Samantha Goverde is a fourth-year Honours Specialization (Sociology) student, with a major in Leadership, at Brescia University College. The Cambridge, Ont., has been heavily involved in student life as founder and president of the Brescia Leadership Association and vice-president (events) for the college’s students’ council. Goverde plans on continuing her education by applying to master’s programs following graduation.
Here’s her advice to first-year students reflecting on what she has learned thus far:
Use the services
- The Registrar’s Office is there to provide support and help you find all the right courses for you. Make sure you look at all your options and consider the requirements of your degree.
- Got a question? Ask.
- There is no such thing as a stupid question when you’re starting university. In three years, I have never heard of anyone who wasn’t willing to help you find the answer. Make sure you access all the resources available – Sophs, council, Student Services, the Registrar’s Office – even a student just walking by will point you in the right direction.
- Access everything. There are many amazing services available to you that you pay for in your annual fees. Learn about all the services available to you and make sure you access them if you need them. Some good ones to keep in mind include health services, career services and the Student Success Centre.
Make your own experience
- Take at least one course outside of your program. It will provide a nice change of pace and you might find a new interest.
- Buy a Frosh kit and go all out during O-Week. It may seem childish with all the cheering, matching T-shirts and over-excited Sophs; you may think you are ‘too cool.’ But it will definitely be the most memorable week of your degree.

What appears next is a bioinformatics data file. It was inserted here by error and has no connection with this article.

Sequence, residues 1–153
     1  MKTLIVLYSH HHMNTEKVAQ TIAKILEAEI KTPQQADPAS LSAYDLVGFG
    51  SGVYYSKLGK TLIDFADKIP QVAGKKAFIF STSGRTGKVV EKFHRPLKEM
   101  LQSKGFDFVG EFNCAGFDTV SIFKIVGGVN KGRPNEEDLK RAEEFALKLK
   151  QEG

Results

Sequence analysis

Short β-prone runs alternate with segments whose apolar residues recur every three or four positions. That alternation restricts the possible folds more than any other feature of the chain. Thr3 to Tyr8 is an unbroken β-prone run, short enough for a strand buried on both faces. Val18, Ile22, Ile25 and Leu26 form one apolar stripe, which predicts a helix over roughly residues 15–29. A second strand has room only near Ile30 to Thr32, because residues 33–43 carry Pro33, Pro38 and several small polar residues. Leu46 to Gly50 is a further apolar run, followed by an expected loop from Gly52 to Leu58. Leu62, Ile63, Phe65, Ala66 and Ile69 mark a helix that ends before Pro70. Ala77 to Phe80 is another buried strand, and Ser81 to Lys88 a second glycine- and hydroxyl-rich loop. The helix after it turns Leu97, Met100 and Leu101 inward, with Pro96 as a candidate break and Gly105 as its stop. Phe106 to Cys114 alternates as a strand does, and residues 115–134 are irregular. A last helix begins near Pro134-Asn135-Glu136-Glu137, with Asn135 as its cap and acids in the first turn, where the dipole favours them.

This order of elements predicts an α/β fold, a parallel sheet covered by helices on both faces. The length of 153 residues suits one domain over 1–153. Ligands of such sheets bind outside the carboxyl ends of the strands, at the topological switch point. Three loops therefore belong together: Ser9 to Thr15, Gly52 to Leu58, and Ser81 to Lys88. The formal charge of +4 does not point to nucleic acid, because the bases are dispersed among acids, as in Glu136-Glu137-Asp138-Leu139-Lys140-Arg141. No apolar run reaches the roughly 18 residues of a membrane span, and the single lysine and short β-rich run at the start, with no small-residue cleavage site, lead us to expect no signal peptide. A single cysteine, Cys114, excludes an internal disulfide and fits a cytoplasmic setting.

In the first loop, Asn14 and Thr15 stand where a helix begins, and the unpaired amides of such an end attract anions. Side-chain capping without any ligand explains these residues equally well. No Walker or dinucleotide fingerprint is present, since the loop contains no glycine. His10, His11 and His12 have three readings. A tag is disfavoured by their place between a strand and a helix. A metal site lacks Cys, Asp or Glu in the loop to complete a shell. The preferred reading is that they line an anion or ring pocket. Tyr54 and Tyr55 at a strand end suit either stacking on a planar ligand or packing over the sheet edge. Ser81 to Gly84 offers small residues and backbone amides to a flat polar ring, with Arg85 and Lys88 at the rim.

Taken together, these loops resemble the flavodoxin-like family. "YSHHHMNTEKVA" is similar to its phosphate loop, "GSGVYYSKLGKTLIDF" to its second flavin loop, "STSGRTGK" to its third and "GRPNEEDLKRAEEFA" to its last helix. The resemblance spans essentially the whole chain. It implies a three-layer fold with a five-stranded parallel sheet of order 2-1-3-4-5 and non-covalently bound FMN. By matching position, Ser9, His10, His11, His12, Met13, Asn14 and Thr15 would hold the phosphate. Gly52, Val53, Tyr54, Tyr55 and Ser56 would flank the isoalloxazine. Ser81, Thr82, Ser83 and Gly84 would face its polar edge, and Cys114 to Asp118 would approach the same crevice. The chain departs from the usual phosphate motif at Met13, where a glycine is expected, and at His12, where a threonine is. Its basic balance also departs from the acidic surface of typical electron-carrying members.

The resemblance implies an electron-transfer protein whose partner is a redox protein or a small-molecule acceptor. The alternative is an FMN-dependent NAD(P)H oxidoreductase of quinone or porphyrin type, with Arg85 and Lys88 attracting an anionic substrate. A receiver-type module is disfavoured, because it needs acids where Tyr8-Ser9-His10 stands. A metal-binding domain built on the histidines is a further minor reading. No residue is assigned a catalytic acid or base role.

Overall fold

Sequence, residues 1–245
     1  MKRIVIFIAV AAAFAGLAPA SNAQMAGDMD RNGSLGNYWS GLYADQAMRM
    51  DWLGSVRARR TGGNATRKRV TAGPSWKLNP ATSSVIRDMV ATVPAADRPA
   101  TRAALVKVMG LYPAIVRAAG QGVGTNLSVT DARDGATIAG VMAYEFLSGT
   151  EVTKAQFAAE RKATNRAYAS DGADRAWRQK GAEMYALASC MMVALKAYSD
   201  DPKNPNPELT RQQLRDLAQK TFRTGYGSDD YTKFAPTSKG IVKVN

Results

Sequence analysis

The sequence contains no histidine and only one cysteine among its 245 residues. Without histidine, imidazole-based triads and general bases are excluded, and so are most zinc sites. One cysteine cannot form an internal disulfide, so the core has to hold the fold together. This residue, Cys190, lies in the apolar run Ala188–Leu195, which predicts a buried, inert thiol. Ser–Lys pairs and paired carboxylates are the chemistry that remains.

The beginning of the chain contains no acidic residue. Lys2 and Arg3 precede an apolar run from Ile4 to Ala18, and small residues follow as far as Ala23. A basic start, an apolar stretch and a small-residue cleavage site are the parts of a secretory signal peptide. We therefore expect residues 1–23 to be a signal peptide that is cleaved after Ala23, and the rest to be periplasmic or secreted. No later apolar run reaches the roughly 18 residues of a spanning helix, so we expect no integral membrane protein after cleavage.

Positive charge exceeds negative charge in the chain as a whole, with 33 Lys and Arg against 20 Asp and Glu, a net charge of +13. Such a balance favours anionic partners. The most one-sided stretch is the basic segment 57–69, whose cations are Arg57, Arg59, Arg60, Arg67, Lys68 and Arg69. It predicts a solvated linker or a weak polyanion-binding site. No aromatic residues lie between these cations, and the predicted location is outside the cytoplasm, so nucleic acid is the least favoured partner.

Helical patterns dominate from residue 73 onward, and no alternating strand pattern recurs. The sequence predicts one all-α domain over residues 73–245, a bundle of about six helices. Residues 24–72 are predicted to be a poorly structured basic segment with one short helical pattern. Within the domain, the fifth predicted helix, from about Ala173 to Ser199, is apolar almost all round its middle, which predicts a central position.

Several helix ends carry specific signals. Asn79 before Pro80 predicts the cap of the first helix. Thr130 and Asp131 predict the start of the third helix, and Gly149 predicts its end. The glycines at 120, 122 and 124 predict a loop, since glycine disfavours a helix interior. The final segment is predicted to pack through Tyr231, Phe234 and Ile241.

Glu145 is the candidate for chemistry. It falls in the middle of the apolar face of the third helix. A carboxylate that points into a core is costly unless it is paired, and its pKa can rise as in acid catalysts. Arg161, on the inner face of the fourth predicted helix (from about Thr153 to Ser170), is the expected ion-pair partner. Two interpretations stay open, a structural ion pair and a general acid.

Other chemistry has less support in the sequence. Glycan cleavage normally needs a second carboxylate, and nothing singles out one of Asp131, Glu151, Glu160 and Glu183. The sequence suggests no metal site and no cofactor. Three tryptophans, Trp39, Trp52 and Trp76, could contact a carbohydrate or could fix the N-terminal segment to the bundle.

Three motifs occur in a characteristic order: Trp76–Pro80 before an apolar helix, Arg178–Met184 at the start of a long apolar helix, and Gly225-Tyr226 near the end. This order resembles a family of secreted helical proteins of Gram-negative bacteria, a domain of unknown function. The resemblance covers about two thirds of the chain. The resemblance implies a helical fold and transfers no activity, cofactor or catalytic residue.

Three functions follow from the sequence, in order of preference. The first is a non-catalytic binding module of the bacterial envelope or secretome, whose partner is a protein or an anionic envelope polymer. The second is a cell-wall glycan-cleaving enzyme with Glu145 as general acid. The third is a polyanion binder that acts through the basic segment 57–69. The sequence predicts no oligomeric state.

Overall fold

- Attend as many of your lectures as possible. You pay thousands of dollars to attend a university. When you split your tuition up by class, you essentially throw away about $50 (or more) for every three hours of lecture you skip.
- Try to keep up with as much of your assigned reading as possible. People always look at a syllabus and think ‘a midterm, a final and in-class participation? I got this.’ But there is nothing worse than cramming seven chapters of Intro Sociology the night before your exam.
- Venture to the other campuses; they all have so much to offer. If you can, try to take a class at each one throughout your undergraduate degree. It’ll broaden your perspectives and help you meet new people.
- Get to know your student government. Whether it’s the University Students’ Council (USC), an affiliate council or a faculty council, they are there for you. They have all the information about various services offered by the university and often have advice for any problem you may be facing.
A little saving
- Opt out of your USC health and dental plan if you don’t need them. If you have coverage through your parents, opting out of the student plan provided by the USC is a great way to get back a couple hundred bucks.
- Explore all the opportunities getting involved – clubs week, student government, residence activities. Find some things you like and go for it. University is as much about what you learn outside the classroom as what you learn inside the classroom.
- Don’t be afraid to volunteer in graduate research. Grad students are always looking for undergraduates to help them complete their research. It’s a good way to help out a fellow student and who knows; maybe one day you’ll be the one looking for volunteers.
- Take advantage of opportunities to broaden your portfolio. Work study or on-campus volunteering are a great way to boost your resume in a way that is still accommodating to your academics. If you can manage, make a commitment to do some sort of volunteer activity at least once a semester.
Learn your new home
- Included in your fees is a 12-month bus pass, so learn how to use the London Transit Commission (LTC) city buses. There are tons of routes through campus and they can get you (almost) anywhere in London. You could need to go from the train station to the mall.
- Get off campus. So much of the student experience happens beyond the Richmond Gates. The biggest mistake I made in first-year was not exploring London and all the wonderful things it has to offer.
- Don’t let the opinions of others stop you from doing something. We all have that friend who doesn’t get excited about anything. Don’t let him/her stop you from doing things you might enjoy. University is about your individual experience, and you don’t want to look back a wish you’d done things differently.